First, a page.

Friday, January 02, 2009

Mulally Calls for Government Thugs to Beat Up Taxpayers

I complained in this post about "the American businessman's apparent dearth of guts in the face of cumbersome big government, about their lack of idealism and economic philosophy when the going gets tough. 'If we can't beat 'em, we'll just have to join 'em,' they seem to mumble as they sidle up to the nearest legislator, checkbook in hand, instead of taking the more honorable and idealistic high road of public political debate."

Ford's CEO Alan Mulally has just confirmed my low impression of such businessmen's philosophico-moral compass by "urging US politicians to consider the hitherto taboo idea of raising petrol taxes as a way of encouraging fuel conservation." (Quote from an article by Bernard Simon in today's Financial Times.)

So the automakers are environmentally conscientious fuel conservationists? I don't think so.

What Mulally really wants is for the Washington politicians to imposed a tax on gasoline to entice--oh, let's just say it: strong-arm car purchasers into buying government-mandated hybrids, thus preserving Mulally's job.

What prostitutes many large corporate managers have become. Instead of protecting the future of business in America by fighting government mismanagement with a little courage and a handful of sound convictions, they choose to put their self-respect aside, along with their moral common sense, and jump into the orgiastic Big-Government fray.

Now, for those social liberals who hesitate to cast moralistic stones at prostitutes, you must acknowledge that the idea of selling access to one's body for money evokes some discomfort, at least in most of us; and we should also admit to the existence of culturally ingrained and/or biologically instigated emotional ties inhibiting the freedom of our physical relationships to a subjective degree. To deny this and defend absolute licentiousness would be to deny the observable, esteemed human pair-bonding behavior and the family solidarity it engenders.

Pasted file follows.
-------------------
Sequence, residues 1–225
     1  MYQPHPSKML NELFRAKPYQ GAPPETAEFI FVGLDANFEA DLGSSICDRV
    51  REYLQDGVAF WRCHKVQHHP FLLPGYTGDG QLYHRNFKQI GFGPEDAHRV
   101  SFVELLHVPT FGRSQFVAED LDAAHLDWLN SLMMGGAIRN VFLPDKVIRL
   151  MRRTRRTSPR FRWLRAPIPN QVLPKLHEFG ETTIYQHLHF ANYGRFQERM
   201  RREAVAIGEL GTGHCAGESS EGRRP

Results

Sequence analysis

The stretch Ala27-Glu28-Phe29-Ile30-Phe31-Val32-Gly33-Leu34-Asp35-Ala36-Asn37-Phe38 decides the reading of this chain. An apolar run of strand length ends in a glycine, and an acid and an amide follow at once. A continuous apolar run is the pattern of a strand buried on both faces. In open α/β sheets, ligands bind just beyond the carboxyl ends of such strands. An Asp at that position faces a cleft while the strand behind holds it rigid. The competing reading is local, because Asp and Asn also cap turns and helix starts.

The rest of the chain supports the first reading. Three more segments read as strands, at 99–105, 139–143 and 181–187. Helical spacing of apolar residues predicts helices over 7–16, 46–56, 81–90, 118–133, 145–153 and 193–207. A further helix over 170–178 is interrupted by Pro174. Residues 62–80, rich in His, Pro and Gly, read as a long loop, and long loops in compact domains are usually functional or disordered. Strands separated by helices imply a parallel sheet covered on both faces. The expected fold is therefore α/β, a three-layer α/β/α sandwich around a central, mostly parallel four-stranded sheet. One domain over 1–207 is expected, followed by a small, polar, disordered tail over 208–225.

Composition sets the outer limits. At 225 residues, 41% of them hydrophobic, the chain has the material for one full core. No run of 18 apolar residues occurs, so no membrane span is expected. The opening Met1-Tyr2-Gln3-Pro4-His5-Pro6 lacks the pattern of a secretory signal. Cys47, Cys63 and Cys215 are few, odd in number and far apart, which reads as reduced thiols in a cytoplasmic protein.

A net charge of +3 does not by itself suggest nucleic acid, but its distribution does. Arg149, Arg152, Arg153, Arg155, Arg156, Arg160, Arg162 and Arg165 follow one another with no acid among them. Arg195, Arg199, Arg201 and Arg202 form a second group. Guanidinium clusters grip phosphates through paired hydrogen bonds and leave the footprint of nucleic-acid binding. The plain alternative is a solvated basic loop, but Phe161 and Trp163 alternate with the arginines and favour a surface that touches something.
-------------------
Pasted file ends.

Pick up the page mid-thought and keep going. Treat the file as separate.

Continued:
A similar malaise should stem from this kind of corporate libertine behavior; and yet as soon as a government gets too big for its britches, all too many in positions of corporate leadership put shame aside and start to lower their own.

[Thanks to for the image.]

What a pity. The cabal of entities trying at present to to feed at the taxpayer trough could instead be so much more effective (never mind be able to look at themselves in the mirror) if they would band together, keep their pants on, and take the high road.

And who knows? From within this more noble ilk might we elect our next small-government president.

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